at Paris, Jas. Dawes, Philadelphia, dau. of the late Chas. Wat- esq. Equerry of the Duke of Bourbon, to kins, esq. barrister -at-law.-The Rev. Mary-Harcourts eldest dau. of Rear-Admiral Francis Demainbray, to Mary, only dau. of Manby. At Brislington, co. Somerset, the late Francis Findon, esq. of Shipston-on- the Rev. Chas. Rankin, to Isabella, dau. of Stour, Worcestershire.- -At Bruton, So- Edw. Long Fox, M.D. of Brislington House. merset, the Rev. John C. J. Hoskyns Abra- -9. At Halifax, the Rev. Joseph Jaques, hall, Head Master of Bruton Free Gram- of Cawthorne, to Ellen, second dau. of Mr. mar-school, to Jane, third dau. of Edward Carter, of Yew Cottage, Dear Helifax. Dyne, esq. solicitor, Bruton.-3. At Pe- 15. At Bletsoe, Bedford, the Rev. John tersham, the Rev. W. R. Bewsher, of Rich- Balfour Magenis, Vicar of Sharnbrook and mond, to Margaret, second dau. of the late Harold, son of Rich. Magenis, esq. M.P. E.Hawthorn, esq.- At Hawleigh Church, and nephew to the Earl of Enniskillen, to co. Suffolk, Joshua Grigby, esq. of Drink- Frances-Margaretta-Ede, of Merry Oak, stone Hall, to Miss Anna Crawford, second Southampton, second dau. of the Hon. Mr. dau. of Wm. Crawford, esq. of Hawleigh Justice Moore, of Lamberton Park, Ireland. Párk.At St. Paul's, Deptford, Henry -17. At Alveston Church, Warwickshire, Ewbank, esq. of Forest-hill, to Lydia, dau. Capt. Geo. Baker, R. N. second son of Sir of Jonathan Lucas, esq. of Hatcham-grove, Robert Baker, of Berners-street, to Eliz. Surrey.- At St. Andrew's, Holborn, Wal. Octavia, fourth dau. of the late Wm. Hardter Wakeman, esq. of Purshall Hall, co. ing, esq. of Baraset House.- 18. At Mary Worcester, to Sibylla-Philadelphia, eldest de Crypt, Gloucester, Edwin Maddy, esq. dau. of James Pasmore, esq. of Bedford-row. barrister-at-law, to Maria Eliz. eldest dau.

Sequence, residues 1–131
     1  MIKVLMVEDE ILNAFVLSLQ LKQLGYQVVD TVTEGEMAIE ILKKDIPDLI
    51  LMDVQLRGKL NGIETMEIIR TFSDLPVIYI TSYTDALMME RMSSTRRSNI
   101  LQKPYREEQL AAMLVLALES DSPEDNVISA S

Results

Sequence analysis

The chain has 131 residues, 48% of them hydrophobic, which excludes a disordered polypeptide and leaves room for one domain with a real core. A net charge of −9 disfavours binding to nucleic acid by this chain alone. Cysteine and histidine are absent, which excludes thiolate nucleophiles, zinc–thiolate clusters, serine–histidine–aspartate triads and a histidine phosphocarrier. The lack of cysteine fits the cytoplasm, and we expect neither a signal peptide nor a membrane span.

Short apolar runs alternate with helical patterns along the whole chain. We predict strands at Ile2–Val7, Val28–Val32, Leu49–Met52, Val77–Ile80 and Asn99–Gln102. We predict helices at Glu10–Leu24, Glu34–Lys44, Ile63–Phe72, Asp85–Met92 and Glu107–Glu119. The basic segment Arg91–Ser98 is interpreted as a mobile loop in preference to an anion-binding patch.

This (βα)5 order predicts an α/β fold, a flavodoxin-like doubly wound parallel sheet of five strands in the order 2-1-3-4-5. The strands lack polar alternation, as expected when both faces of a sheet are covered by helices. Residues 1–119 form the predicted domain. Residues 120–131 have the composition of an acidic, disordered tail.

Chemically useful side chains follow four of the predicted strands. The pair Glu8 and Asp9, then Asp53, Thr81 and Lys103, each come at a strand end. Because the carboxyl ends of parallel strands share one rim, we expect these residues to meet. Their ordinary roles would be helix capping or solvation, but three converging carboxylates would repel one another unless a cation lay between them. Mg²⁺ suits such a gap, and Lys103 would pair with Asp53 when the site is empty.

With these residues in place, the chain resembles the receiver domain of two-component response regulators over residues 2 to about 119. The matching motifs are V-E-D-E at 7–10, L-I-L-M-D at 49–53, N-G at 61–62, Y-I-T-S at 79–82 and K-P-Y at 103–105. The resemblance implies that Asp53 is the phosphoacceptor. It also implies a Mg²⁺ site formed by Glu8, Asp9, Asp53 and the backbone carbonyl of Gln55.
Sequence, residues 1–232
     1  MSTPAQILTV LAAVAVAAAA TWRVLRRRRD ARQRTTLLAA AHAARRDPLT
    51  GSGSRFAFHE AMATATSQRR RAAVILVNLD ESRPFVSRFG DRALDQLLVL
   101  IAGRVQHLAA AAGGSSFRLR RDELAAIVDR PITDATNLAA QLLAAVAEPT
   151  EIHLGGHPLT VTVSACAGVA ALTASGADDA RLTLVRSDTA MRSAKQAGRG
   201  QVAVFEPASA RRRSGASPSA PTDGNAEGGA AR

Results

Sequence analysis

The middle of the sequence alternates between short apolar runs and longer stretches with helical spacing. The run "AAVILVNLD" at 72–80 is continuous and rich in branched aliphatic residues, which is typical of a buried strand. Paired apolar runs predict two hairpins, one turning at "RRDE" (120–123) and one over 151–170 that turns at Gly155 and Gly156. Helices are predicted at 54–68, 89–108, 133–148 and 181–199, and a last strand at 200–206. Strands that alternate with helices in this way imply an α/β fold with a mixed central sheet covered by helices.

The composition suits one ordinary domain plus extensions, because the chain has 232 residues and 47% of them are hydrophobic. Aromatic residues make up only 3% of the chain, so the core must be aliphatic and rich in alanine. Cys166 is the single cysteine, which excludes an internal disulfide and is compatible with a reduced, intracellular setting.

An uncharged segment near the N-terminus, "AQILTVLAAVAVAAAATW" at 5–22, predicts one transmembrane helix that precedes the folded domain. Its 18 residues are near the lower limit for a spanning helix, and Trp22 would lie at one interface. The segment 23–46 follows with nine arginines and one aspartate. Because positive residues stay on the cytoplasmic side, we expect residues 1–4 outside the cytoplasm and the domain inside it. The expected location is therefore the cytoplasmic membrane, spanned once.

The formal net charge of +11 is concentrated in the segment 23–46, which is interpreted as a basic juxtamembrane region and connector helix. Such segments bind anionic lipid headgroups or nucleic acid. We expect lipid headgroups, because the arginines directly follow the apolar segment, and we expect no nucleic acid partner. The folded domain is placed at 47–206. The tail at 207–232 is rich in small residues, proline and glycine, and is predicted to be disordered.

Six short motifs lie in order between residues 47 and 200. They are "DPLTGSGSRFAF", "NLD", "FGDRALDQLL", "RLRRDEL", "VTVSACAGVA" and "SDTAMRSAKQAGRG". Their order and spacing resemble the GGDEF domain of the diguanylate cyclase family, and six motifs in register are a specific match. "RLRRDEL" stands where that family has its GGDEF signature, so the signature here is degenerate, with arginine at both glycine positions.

4. At Hornsea Church, the Rev. Edw. of Alderman Wood, M.P.